2.3 Words: dimensions
Differences and similarities
We would like to be able to say more precisely how categories and in particular the meanings of words differ from one another. This would be a first step in coming up with a theory of meaning. The similarities and differences are ultimately based on facts about the world, but again it is the minds of people that focus in on some of them to create the categories that we think and talk about.
To begin to understand this, we need to start with individual objects rather than with categories. How can objects differ or resemble one another? You may already have discovered part of the answer to this question as you were doing Exercise 2.2. The easiest way to begin is to consider two objects that are very similar to one another and to try to describe their difference. For example, take two apples that are almost identical, except that one is a little larger than the other. These apples difference in size, or more precisely, in volume and probably also in weight. Between these two apples we can imagine many others that are again similar except for their size.
Dimensions and values
Size is an example of an object dimension, and each object has a particular value on this dimension. Most of the time when we are comparing or contrasting objects on a dimension, we don't actually label specific values. For example, when we understand that two apples differ in size, we do not need to assign a number to the size of one or the other. We say that objects can differ "along" this dimension, which emphasizes how we can think of a dimension as a line, with each value on the line corresponding to a particular value on the dimension.
Size is an example of a dimension with many possible values. In fact, for any two sizes, we can always imagine a size that's in between them. The only limit on the number of possibilities is what we can distinguish. Note also that there isn't an obvious endpoint to size. No matter how small something is, it is possible to imagine something smaller (we don't normally think or speak about a size of 0), and the same is true for large sizes. Size is an example of what we'll call a continuous dimension. Finally, a dimension like size has another property; it has an ordering associated with it. For any two values, we can say which is "more" and which "less". We'll call a dimension like this an ordinal dimension. All of the continuous dimensions we'll be considering will also be ordinal.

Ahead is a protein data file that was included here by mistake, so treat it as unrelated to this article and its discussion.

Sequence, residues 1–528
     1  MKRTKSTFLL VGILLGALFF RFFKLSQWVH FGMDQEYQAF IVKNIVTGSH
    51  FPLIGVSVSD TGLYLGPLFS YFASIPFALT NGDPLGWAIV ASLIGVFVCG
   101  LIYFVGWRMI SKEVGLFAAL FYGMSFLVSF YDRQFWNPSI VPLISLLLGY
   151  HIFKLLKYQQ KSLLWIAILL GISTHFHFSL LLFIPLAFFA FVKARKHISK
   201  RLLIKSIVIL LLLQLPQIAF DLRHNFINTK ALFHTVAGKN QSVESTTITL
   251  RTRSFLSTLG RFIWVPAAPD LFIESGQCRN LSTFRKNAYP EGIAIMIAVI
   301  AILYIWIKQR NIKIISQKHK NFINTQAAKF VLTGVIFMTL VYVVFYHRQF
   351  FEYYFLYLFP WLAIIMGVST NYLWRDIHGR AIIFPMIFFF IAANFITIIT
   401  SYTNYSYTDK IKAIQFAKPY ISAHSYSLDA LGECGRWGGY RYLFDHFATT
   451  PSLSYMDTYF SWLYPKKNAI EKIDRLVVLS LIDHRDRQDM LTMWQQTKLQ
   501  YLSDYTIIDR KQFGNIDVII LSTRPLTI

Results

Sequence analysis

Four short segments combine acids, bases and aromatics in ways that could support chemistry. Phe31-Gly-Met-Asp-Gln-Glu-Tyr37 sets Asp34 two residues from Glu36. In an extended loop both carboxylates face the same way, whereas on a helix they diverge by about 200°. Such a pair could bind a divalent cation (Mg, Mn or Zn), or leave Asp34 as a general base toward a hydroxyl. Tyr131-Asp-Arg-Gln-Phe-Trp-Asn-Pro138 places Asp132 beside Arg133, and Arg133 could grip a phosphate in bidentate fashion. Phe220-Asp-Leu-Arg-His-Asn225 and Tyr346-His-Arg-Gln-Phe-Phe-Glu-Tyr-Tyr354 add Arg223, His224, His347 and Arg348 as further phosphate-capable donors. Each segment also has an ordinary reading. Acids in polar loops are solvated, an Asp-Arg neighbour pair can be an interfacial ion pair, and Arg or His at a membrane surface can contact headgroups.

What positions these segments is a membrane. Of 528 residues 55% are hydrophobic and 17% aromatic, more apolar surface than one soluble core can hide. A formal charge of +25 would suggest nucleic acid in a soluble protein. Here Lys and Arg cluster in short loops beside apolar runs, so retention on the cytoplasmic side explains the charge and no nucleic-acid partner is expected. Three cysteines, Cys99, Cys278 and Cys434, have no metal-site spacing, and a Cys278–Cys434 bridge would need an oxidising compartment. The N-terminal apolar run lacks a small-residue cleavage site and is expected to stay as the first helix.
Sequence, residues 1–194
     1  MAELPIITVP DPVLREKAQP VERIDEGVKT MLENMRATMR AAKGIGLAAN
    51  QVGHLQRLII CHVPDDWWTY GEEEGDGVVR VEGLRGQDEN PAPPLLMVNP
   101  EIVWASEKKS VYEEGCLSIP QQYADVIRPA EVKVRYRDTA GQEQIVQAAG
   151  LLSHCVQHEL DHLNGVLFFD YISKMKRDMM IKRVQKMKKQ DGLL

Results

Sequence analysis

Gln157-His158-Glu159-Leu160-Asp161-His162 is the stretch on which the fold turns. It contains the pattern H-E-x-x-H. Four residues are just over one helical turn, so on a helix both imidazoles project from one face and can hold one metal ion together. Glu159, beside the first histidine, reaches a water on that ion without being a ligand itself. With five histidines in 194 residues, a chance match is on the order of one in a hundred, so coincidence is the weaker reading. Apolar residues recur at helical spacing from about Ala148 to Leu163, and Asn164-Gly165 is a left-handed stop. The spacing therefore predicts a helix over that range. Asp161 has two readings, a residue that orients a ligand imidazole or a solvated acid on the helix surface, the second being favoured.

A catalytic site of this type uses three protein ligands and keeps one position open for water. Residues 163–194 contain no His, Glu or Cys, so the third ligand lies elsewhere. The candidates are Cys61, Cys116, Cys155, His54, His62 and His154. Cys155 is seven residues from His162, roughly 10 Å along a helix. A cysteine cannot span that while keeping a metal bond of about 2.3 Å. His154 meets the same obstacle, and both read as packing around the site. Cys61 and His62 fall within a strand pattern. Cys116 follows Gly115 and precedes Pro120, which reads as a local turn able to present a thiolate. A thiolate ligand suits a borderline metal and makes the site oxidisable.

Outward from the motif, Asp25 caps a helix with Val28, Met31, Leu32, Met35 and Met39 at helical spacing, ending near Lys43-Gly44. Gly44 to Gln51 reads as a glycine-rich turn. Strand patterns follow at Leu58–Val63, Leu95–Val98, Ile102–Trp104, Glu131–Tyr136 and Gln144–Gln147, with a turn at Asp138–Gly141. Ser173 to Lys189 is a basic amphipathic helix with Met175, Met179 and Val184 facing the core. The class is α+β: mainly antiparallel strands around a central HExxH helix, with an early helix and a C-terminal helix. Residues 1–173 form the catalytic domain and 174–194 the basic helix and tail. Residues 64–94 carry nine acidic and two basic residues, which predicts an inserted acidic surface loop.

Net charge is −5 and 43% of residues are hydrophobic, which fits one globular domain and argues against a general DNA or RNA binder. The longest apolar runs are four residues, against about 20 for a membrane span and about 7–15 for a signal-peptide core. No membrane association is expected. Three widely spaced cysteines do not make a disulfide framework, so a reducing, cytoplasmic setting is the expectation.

Now consider another dimension, one that does not have a convenient name in English. I'll call it "livingness". This dimension has only two values: living and non-living. Things with the first value include plants and animals that are alive; things with the second value include things that have never lived like rocks and things that are no longer alive like potato chips. This dimension is clearly not continuous; we'll call a dimension like this that has a fixed set of values a discrete dimension.
Consider another discrete dimension, one that's more abstract than the ones we've been considering, a university student's major. The values on this dimension are the different majors that are possible: psychology, English, physics, history, etc. Obviously this is a discrete dimension since there is a fixed number of possible values (at least for a given university). But note also that unlike size, this dimension is not ordinal. There is no obvious way to arrange the different majors in an order: psychology is not "more" or "less" than history. (Of course we could use another dimension, like relative popularity, to assign an order to the values on the major dimension, but they are not built into the dimension itself.)